On March 25th, local time, Samsung Electronics announced that it will launch the industry’s first DRAM memory module designed with extreme ultraviolet lithography (EUV).
As one of the world’s leading memory manufacturers, Samsung said that global customers’ evaluations of its first batch of 1 million 10nm-class DDR4 DRAM modules are not bad, and Samsung will soon start processing orders for global distribution.
EUV technology makes the manufacturing of memory modules more precise and faster. It speeds up the photolithography process by reducing the number of repeated steps and promotes the production of complex chip patterns. This means that the chip performance accuracy will be higher and the development time will be shorter.
Samsung is not the only company focusing on EUV technology. TSMC began using EUV technology to produce its 7nm N7+ chips last year. According to the company’s tests, these chips can accommodate up to 20% of the transistor density, which consumes 10% less power than the old N7 chips manufactured using argon fluoride laser lithography technology.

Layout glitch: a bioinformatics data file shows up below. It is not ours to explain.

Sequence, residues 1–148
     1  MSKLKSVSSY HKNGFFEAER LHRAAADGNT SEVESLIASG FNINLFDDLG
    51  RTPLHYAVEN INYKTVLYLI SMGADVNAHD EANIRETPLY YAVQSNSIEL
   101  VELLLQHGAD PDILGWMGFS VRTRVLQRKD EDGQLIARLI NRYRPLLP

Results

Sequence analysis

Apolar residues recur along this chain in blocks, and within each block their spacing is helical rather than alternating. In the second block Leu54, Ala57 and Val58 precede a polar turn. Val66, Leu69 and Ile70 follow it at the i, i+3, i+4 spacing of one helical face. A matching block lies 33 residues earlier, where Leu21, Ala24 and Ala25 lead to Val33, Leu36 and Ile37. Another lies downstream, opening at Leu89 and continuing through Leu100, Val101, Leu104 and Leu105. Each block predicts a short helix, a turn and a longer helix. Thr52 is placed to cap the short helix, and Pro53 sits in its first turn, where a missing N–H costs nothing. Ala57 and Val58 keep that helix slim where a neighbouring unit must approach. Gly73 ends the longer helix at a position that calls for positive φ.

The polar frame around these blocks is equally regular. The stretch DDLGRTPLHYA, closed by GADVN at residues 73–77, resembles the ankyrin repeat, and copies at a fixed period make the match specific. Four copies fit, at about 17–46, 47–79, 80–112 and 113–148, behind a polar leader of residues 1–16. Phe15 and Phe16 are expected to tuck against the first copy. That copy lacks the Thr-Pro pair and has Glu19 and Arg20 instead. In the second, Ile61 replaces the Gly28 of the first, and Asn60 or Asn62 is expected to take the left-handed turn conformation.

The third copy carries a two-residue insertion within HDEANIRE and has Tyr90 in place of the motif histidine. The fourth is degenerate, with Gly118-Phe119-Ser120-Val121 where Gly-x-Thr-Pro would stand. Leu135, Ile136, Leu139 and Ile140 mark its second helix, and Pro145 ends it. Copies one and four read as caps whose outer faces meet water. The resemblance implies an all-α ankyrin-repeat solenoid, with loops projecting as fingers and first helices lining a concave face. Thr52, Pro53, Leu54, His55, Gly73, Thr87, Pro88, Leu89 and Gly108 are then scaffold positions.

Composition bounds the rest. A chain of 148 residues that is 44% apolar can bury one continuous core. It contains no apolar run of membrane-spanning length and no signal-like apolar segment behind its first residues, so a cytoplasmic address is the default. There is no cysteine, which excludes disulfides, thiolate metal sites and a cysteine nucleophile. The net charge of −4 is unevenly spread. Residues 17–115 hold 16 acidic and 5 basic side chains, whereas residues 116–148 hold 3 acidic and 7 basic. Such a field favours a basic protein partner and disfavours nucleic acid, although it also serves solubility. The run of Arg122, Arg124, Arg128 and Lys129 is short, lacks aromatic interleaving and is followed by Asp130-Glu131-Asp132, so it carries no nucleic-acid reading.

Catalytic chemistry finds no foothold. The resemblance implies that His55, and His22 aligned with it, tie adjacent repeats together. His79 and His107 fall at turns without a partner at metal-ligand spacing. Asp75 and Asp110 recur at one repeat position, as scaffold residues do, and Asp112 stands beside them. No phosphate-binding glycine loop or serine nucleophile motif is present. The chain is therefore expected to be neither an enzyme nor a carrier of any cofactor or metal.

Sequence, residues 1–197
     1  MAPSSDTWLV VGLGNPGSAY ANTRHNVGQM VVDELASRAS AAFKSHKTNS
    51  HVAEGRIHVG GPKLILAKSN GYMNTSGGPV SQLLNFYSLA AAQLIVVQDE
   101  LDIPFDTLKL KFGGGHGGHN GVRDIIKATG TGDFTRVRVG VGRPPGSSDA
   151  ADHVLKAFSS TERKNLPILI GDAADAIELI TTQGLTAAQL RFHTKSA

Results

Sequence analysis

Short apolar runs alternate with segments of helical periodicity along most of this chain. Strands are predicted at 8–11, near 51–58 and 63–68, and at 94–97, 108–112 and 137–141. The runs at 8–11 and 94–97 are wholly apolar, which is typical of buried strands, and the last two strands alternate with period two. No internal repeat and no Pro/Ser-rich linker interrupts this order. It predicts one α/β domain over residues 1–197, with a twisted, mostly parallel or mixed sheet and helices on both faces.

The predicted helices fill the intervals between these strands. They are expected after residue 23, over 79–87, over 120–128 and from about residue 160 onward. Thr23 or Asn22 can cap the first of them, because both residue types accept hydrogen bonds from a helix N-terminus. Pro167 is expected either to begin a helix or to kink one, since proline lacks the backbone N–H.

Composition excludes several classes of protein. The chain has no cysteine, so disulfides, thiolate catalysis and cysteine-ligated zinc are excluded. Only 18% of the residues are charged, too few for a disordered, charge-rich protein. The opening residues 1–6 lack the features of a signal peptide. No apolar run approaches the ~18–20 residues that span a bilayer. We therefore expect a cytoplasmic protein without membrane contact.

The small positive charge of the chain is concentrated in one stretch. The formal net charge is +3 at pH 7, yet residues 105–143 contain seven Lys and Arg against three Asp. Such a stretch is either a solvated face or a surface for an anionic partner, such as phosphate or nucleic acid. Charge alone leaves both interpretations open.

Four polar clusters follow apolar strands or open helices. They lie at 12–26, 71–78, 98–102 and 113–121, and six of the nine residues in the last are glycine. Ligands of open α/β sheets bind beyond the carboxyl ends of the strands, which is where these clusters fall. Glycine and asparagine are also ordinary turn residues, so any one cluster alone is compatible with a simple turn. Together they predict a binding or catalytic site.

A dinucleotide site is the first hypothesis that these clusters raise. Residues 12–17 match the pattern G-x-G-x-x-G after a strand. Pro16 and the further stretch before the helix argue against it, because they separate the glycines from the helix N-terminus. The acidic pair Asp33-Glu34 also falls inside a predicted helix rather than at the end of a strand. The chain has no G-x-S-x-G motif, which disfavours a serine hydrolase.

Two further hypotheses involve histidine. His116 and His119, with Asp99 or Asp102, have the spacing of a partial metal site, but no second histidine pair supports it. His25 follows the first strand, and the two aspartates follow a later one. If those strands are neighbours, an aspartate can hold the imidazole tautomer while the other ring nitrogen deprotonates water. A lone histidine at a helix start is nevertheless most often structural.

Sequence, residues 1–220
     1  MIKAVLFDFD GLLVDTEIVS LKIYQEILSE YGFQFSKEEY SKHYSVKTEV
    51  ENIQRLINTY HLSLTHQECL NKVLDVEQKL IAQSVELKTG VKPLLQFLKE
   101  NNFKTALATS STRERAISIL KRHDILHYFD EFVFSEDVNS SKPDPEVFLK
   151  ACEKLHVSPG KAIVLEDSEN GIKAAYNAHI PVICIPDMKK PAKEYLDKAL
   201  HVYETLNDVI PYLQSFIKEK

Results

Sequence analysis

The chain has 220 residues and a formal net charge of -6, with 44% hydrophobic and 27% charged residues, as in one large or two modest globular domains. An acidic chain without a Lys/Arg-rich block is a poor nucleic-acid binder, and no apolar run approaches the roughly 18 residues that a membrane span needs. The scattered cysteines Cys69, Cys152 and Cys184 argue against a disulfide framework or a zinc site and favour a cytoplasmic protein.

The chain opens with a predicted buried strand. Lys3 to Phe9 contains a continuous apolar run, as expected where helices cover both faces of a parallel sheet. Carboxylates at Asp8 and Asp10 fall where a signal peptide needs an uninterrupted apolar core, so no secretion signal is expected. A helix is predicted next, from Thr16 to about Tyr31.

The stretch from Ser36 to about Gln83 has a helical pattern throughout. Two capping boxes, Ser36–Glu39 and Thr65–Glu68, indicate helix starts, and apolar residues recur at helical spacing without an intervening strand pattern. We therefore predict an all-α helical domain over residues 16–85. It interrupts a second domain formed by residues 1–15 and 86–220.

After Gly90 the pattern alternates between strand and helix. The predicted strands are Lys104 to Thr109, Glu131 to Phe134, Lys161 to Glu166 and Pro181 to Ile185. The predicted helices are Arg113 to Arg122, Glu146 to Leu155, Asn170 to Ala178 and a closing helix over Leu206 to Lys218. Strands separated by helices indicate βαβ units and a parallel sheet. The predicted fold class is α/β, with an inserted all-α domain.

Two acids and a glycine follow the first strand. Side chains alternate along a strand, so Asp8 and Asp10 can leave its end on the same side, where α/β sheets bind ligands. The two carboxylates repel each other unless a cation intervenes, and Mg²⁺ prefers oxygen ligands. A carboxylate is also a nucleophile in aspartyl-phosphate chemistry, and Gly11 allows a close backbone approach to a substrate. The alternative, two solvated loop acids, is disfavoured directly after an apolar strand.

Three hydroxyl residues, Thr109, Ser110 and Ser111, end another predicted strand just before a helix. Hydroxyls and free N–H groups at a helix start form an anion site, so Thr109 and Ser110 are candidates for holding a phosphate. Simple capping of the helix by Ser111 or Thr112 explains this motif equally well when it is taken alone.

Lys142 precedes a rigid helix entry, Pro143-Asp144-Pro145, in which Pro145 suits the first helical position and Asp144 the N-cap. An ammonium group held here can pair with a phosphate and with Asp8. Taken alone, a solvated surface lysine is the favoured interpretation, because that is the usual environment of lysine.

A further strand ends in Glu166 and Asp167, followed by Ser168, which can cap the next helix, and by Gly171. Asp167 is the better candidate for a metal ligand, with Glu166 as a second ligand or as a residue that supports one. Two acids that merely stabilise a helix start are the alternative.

Intel began exploring the EUV process nearly 20 years ago, and Intel is currently preparing for its new chip production line. Last summer, Intel’s EUV researcher and director Britt Turkot (Britt Turkot) said that engineers faced challenges in designing production systems that use EUV because of its complexity and cost. Chip manufacturing companies will need to build new facilities to handle new technologies.
Samsung will use 10nm EUV technology on all future DRAM chips. This will include 16GB DDR5 based on d1 and LPDDR5 memory chips for computers, which are expected to be put into production in 2021. It also includes LPDDR4X RAM chips for smartphones.
Jung-bae Lee, executive vice president of Samsung’s DRAM division, said: “With the mass production of our new DRAM based on EUV technology, we are fulfilling our promise to provide revolutionary DRAM solutions for the IT industry.”
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Link to this article：Samsung’s first EUV process DRAM memory, TSMC pays attention